Well, this is embarrassing.

Well, it turns out it’s been over 4 years since I last wrote a blog post. Whoops. Pretty much the entire time I’ve been occasionally telling myself “Oh yeah, I should start writing blog posts again.” Well, here we go. Yet another “I’m still alive” post. If you’re wondering what I’ve been doing, I recommend taking a look at the title of the site. After realizing I didn’t have enough savings to try to launch a product I took another job which ended up taking up all of my time and nearly killing myself with stress.

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sated: a Programmer's Editor for you

Update (2015-09-28): I am no longer working on sated. A short while after writing this post I ended up taking a job which involved working on a text editor and so continuing work on sated would have been a conflict of interests (and potentially caused my work on sated to be the property of my employer at the time). So I stopped working on sated, and now here I am, three jobs later, and I’ve started using Atom, and while it’s not exactly what I had in mind for sated, it is close enough that I’ve stopped using Emacs and I don’t really have any plans to start up work on sated again.

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Angie has been slaving away working on Company-Y lately, and I think it’s coming along quite nicely. Yesterday I decided to give her a break by helping with the coloring of the latest page “I love it when a plan comes together”, and I realized that the coloring process could be greatly sped up if we could simply flood fill the various areas, rather than having to draw around the outline of the area before flood filling it.

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⚃ Rolling Dice with JS and Unicode ⚂

I recently discovered the unicode xscreensaver hack, and have had it running on my secondary monitor for the heck of it. I found out that there are dice face symbols, and I was inspired to do something with them. So, I made a simple Unicode-dice roller in JavaScript. I know the same thing could be done in JS, but this way you can roll some numbers to paste into Twitter or something, if you feel like it.

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A save your place bookmarklet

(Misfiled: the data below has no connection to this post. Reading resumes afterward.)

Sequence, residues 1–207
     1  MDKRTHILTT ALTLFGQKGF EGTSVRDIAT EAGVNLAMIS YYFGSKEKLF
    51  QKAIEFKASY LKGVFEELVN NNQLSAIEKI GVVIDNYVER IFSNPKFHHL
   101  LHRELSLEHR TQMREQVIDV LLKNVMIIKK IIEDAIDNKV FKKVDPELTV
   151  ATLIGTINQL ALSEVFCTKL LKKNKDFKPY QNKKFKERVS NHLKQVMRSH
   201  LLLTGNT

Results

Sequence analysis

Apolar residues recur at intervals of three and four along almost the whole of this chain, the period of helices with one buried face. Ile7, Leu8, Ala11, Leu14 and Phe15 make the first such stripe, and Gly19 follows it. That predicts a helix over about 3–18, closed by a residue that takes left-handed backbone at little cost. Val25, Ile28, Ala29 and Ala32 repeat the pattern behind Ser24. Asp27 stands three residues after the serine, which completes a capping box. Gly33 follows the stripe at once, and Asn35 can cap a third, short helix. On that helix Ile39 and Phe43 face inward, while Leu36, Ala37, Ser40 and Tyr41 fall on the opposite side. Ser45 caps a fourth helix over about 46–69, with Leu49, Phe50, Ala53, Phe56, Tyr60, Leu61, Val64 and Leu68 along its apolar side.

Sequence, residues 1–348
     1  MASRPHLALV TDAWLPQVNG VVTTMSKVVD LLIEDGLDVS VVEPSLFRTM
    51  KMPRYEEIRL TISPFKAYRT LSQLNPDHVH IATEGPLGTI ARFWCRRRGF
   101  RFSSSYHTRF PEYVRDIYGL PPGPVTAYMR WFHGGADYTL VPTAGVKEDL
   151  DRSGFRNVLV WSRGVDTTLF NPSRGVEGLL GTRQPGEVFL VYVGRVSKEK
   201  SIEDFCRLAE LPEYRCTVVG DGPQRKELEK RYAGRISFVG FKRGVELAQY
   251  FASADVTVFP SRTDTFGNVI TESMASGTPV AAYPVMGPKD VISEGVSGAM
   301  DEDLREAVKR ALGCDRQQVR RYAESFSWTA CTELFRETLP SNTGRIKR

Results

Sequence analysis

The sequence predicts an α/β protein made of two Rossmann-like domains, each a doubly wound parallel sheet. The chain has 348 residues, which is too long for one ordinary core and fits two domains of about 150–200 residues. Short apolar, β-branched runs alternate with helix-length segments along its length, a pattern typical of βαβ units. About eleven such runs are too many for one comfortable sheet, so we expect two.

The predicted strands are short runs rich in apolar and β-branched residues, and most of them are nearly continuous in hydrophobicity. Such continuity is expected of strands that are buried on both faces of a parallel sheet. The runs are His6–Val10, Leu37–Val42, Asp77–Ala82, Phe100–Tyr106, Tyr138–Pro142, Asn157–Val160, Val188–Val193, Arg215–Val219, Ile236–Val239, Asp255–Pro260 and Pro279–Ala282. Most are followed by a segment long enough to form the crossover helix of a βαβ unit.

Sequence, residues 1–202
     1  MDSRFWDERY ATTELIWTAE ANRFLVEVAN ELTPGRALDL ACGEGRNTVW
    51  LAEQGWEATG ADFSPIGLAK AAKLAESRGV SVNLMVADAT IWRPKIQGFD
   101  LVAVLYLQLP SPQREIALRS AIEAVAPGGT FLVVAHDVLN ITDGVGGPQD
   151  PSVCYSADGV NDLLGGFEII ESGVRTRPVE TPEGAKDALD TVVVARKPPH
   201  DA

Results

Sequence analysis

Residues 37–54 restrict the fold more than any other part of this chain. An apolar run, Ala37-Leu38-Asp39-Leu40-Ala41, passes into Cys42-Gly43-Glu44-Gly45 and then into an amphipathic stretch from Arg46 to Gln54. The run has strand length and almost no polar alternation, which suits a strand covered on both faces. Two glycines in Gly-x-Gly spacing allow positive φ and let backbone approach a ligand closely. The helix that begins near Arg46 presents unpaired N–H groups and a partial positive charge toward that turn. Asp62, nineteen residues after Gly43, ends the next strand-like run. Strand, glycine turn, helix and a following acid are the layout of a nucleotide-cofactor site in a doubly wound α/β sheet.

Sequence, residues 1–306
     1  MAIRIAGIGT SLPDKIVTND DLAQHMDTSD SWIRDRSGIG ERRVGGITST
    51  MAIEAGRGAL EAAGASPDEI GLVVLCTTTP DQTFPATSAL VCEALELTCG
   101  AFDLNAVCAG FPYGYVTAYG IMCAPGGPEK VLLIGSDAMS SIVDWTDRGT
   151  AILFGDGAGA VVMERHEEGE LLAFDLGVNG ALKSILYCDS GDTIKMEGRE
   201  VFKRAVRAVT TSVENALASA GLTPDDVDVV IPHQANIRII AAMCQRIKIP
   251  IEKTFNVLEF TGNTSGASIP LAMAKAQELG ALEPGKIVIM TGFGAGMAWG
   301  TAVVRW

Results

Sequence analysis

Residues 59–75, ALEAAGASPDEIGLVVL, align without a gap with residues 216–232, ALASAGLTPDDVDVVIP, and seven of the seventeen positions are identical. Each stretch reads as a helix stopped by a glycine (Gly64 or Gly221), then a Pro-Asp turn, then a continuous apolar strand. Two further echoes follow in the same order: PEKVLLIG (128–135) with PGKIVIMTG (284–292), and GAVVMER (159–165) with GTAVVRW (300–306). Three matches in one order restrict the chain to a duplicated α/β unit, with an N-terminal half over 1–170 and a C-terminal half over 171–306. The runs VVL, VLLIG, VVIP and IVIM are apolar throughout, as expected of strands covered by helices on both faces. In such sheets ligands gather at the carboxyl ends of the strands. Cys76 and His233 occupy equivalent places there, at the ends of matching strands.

(image source) I read a lot of web comics, and one of the things that happens when reading through the archives of a comic is that I lose my place in the history, so when I come back, I have to spend a lot of time searching to find where I left off. I wrote this simple set of bookmarklets to help me in this situation. The “save place” bookmarklet stuffs the current URL into a cookie (cookies are per site, so there will be one cookie for each site you use this on), and the “restore place” bookmarklet takes the URL out of the cookie (if it exists) and loads that page.

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Fun with bookmarklets and CSS3 transforms

I recently read about the CSS transform property, and I was inspired to give it a try in a fun and mostly useless way. After a bit of fidding, I present to you the “Rotate!” bookmarklet (click it several times if it doesn’t work the first time): Rotate! Simply drag the above link to your bookmarks toolbar, and whenever you get bored with a webpage, click that link, and see what happens!

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A Simple Lisp Parser in Python

A managed to sneak in a little time recently and write a simple Lisp s-expression parser in Python. I started out with a version that just understands parentheses, atoms, and strings, but it was just a couple of extra lines to add in support for the quote “operator”, that I went ahead and threw that in there, too. I’ll go ahead and go through it bit-by-bit here, though I think it’s pretty straightforward.

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IE7 Requires type="submit" for <button> elements